By: Julia Magsombol 

Local Initiative Reporter 

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Before Erika Mathieu published her debut poetry book, she decided to incorporate her personal experiences into her poems, hoping that people would find comfort and empathy there. 

“I think everyone, depending on their experiences, might be able to pull something different out of [my book]. I think it is a melancholic collection,” Mathieu told the Pioneer. 

She spent her teenage years in Invermere and graduated from David Thompson Secondary School. She is now an Alberta-based poet and journalist. She works for a newspaper outside Lethbridge but also does creative work. 

“Rhymes from a Jail Cell” is Mathieu’s collection of poems exploring the definition of constraint and interconnected themes of identity, mental illness, and unexpected liberation —human shared experiences and emotions. It also explores the surface of societal expectations and the constraints that come with them —especially with the topic of mental illness.  

Mathieu said the title of the book has something to do with jails, metaphorically. 

“I think of a jail cell as a literal constraint. It’s a barrier . . . something that’s holding someone back. It’s more about the metaphor of something keeping you constrained,” she added. 

“I can sort of appreciate how constraints of mental illness have shaped my voice as a writer and an artist. And through writing this book, I found there’s also liberation in working under a set of rules, which is less limiting than I thought.” 

Mathieu noted the cover is actually a collage. The image of the earth, the woman, and the car were all made up of cuts from magazines, representing the limitations one has. 

“I think that, in many ways, this book represents the idea of working with what you have regarding the constraints with each poem. And I think collage is very similar because you are working with images that are already made, and you have to assemble them in a particular way.” 

Each poem has certain limits and specific writing rules, such as sonnets and haikus. 

“??The constraint refers to the writing itself in terms of breaking free of other kinds of constraints. The idea of living with depression and anxiety and how that can be constraining for people like myself, who live with these conditions chronically. It is about overcoming constraint in writing and having to sort of work within constraints in writing and in life.”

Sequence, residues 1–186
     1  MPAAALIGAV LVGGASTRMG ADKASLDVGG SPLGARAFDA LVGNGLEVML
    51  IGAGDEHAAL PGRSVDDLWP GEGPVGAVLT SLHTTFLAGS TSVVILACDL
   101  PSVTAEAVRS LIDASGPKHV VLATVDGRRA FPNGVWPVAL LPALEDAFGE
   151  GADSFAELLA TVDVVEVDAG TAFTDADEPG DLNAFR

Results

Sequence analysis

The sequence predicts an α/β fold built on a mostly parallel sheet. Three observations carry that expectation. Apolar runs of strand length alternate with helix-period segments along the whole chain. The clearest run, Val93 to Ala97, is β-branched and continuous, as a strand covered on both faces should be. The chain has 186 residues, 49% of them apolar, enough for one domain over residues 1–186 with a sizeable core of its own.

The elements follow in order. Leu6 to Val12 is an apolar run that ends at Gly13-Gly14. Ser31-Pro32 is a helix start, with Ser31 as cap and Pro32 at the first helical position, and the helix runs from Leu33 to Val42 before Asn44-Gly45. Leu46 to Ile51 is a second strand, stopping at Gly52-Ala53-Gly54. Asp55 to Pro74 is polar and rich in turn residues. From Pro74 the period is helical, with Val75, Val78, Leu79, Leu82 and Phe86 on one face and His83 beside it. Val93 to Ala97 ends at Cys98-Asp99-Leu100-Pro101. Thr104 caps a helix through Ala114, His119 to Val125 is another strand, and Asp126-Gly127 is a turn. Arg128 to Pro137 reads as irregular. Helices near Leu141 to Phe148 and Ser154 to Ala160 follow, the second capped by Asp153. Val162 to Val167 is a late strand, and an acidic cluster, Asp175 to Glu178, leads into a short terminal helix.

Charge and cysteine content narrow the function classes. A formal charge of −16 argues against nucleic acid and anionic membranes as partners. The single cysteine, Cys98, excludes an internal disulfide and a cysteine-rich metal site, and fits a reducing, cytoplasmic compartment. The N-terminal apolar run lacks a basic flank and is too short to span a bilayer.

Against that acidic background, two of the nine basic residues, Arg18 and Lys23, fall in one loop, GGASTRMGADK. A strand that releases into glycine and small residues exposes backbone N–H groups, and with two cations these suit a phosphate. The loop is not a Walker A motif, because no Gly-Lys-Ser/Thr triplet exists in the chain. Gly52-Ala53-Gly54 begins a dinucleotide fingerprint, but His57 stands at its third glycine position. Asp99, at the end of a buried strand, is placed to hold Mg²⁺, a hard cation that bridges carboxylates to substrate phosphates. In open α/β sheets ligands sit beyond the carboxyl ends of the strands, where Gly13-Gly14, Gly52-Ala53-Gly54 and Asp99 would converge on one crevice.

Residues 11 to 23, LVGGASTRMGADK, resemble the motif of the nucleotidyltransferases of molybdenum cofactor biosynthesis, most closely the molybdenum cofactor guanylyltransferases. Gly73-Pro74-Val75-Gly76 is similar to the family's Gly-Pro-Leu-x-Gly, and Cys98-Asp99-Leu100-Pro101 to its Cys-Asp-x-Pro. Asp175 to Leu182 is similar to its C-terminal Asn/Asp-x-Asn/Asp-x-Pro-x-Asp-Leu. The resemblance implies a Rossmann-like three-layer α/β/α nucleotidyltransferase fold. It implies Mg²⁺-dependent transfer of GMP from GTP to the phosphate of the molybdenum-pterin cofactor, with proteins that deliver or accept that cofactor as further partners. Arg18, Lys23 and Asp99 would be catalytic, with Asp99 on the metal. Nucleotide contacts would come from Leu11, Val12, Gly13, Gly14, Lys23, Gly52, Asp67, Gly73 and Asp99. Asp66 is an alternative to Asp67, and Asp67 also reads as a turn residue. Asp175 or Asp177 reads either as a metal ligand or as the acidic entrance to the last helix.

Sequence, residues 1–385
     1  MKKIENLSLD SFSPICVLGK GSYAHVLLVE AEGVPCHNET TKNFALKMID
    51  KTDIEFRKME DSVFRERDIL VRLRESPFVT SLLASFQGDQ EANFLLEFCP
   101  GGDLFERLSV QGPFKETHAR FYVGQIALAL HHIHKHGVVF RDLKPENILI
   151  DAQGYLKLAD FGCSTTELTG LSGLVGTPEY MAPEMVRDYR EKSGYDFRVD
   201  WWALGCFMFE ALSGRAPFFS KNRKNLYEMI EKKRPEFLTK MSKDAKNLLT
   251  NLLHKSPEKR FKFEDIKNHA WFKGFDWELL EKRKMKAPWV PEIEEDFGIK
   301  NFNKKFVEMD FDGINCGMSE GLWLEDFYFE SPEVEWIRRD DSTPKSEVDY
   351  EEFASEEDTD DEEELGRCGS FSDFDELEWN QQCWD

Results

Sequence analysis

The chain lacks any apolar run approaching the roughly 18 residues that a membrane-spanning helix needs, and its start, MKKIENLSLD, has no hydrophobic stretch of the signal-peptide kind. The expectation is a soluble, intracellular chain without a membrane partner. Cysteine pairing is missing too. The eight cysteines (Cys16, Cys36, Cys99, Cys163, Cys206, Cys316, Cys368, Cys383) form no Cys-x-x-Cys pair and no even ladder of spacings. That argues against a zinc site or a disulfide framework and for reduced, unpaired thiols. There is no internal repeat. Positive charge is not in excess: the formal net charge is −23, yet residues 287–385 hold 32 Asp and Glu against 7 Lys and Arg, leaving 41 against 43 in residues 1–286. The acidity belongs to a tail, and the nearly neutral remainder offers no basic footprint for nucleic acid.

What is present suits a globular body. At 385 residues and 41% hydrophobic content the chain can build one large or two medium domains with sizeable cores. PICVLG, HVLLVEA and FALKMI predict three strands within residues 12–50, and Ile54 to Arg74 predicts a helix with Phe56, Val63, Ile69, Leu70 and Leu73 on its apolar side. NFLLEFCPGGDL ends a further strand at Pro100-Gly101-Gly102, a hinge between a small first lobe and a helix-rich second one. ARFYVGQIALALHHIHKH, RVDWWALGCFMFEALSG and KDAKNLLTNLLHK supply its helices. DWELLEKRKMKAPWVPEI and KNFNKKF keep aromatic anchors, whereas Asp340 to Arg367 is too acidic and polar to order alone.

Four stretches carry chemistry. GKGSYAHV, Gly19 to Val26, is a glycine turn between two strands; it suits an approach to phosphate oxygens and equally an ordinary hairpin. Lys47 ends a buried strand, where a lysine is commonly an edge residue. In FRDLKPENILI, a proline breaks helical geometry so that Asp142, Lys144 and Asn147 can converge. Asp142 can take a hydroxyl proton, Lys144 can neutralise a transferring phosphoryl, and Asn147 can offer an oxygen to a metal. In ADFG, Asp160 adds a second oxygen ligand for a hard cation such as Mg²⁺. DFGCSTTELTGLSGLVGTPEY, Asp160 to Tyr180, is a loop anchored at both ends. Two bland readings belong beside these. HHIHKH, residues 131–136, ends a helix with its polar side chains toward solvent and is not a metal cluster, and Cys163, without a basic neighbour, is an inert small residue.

While writing her book, Mathieu’s inspirations come from personal experiences, especially her vulnerabilities.  

“It is vulnerable to have to share your story with people. But I also think it can build meaningful connections through art and storytelling.” 

She has been planning to write this collection of poetry since 2018. 

Mathieu finished her manuscript by 2021, but because the poems were very personal, she decided to publish them this year instead. 

“I think when you do creative work, that’s really personal. It can be really scary because people will read it. They get to see an insight into how you think and things that you’ve experienced that maybe you wouldn’t share with just any old stranger,” she explained. 

“When you publish something like that, you don’t have control over it anymore. It is really scary. But it’s also really good not to have it, and it feels good to have it released from you.”

Readers’ expectations of the book can be subjective as it can be different for each of them. However, one of Mathieu’s favourite parts of her work was about her sister, in which she talked about love and grief together. In the publication of her book, she had also learned something. 

“I learned that rules and constraints can often lead to unexpected liberation. I have found myself working in modalities I never would have explored without leaning into the idea of rules or giving myself these constraints.”

Mathieu hopes readers will be able to find bits of themselves in this collection. 

“I think that it deals with a lot of difficult issues but I also think reading about other people’s shared experiences can be validating for people to know that they’re not alone.”

Mathieu is currently working on future projects, including her second poetry collection “Origins,” which she hopes to release in 2025.  

Her poetry book is available at Amazon at